iv) insensitivity to predictability (many predictions are insensitive to the reliability of the evidence and to the expected accuracy of the prediction; this violates the normative statistical theory in which the extremes and range of predictions are controlled by considerations of predictability; in general, the higher the predictability, the wider the range of predicted values)

v) illusion of validity (a good fit between the predictable outcome and the input information, ie

"...People predict by selecting the outcome (for example, an occupation) that is most representative of the input (for example, the description of a person)......their prediction depends primarily on the degree of representativeness (that is, the quality of the match between selected outcome and the input) with little or no regard for the factors that limit predictive accuracy. Plus, people expressed great confidence in the prediction that a person is a librarian and given a description of his personality which matches the stereotype of librarians, even if the description is scanty, unreliable or outdated..."

Daniel Kahneman 2012

This can apply to selection interviews

"...The internal consistency of a pattern of inputs is a major determinant of one's confidence in predictions based on these inputs......Highly consistent patterns are often the most observed in the input variables..."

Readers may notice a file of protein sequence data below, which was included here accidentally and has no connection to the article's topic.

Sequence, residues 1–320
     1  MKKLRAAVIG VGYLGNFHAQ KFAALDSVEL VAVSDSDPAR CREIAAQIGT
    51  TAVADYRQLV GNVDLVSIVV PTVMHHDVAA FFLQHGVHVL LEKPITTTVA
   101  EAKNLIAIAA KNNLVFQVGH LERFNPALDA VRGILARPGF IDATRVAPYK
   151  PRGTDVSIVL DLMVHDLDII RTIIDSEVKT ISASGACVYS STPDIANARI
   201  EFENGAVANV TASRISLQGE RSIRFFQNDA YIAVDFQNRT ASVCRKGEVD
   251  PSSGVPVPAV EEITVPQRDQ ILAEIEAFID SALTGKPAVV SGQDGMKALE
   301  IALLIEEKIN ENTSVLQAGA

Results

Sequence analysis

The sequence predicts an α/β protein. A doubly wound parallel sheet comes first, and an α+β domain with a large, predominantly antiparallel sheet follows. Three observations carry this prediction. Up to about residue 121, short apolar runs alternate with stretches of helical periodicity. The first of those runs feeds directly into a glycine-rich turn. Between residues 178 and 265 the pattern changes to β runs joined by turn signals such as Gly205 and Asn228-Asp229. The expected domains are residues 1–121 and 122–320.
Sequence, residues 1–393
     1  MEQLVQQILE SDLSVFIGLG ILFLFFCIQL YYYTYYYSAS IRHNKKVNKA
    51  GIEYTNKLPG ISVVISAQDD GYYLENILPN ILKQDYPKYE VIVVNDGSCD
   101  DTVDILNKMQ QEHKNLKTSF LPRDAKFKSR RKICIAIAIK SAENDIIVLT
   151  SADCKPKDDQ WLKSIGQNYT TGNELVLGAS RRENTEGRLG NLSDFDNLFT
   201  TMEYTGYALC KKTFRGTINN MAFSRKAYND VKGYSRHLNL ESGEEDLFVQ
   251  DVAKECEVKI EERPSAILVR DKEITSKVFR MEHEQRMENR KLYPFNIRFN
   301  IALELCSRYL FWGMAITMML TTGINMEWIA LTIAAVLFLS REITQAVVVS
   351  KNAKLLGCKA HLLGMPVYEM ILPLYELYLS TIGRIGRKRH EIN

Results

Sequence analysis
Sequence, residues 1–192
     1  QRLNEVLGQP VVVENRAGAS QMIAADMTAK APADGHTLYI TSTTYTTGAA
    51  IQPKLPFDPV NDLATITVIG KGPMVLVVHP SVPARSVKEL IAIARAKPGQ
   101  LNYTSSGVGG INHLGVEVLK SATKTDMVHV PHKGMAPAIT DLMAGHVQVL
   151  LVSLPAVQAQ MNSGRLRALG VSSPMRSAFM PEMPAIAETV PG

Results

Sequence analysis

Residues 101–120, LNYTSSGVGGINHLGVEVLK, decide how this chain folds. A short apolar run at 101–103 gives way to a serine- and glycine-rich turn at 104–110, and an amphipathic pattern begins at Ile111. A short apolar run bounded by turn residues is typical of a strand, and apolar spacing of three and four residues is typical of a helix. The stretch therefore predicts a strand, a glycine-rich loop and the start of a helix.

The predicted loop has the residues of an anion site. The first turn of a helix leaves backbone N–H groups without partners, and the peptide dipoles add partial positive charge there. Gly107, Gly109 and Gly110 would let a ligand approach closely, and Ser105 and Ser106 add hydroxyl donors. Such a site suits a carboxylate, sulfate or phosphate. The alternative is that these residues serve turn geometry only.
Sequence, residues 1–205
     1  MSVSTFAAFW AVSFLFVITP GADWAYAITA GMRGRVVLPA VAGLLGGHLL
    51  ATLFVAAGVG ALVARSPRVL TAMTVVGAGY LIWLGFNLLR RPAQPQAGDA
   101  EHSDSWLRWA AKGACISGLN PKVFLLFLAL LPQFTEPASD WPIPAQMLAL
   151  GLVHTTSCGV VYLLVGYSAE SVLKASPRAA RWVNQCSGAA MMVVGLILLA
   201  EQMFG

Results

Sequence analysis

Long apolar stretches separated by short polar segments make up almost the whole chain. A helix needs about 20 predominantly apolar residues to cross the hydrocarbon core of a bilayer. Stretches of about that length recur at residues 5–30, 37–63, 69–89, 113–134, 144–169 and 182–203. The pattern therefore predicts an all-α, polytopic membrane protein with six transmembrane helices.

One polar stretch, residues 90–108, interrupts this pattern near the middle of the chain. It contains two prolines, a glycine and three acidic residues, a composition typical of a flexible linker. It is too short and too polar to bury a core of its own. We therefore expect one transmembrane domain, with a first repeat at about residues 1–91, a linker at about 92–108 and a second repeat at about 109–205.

Daniel Kahneman 2012)

vi) misconceptions of regressions (regression towards the mean; this leads to over-estimating the effectiveness of punishment and the under-estimating the effectiveness of reward ‐ see earlier)



. Availability (assessing the frequency of a class or the probability of an event by the ease with which instances or occurrences can be brought to mind; it is judgmental; it is affected by factors other than frequency and probability, such as

i) bias is due to be retrievability of instances (a group whose instances are easily retrieved will appear more numerous than a class of equal frequencies whose instances are less retrievable)

ii) salience (the more visual an event, the greater the impact; recent events are likely to be more readily available than earlier appearances

iii) biases due to effectiveness of a search set (different tasks elicit different search sets, eg comparing the frequency of abstract words (thought, love, etc) and concrete words (door, water, etc) -in written English, we think of context)